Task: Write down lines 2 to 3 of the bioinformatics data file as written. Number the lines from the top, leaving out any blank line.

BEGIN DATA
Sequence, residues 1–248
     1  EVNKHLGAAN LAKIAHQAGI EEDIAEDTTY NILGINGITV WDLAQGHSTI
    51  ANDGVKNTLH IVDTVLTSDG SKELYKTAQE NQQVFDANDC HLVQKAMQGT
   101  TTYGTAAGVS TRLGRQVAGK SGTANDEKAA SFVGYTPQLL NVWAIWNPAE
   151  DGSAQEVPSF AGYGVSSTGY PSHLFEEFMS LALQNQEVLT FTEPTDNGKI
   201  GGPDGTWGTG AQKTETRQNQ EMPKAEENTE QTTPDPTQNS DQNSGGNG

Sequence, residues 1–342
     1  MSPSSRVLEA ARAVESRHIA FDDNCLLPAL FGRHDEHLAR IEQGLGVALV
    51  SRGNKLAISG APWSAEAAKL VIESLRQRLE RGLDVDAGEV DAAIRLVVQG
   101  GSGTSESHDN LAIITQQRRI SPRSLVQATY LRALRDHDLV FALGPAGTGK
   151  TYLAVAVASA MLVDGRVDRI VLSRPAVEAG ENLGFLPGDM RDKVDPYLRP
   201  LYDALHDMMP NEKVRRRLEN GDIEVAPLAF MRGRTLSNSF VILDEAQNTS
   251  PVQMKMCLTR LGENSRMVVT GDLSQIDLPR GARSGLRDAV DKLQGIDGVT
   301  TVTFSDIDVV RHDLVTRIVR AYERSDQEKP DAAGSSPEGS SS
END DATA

     1  EVNKHLGAAN LAKIAHQAGI EEDIAEDTTY NILGINGITV WDLAQGHSTI
    51  ANDGVKNTLH IVDTVLTSDG SKELYKTAQE NQQVFDANDC HLVQKAMQGT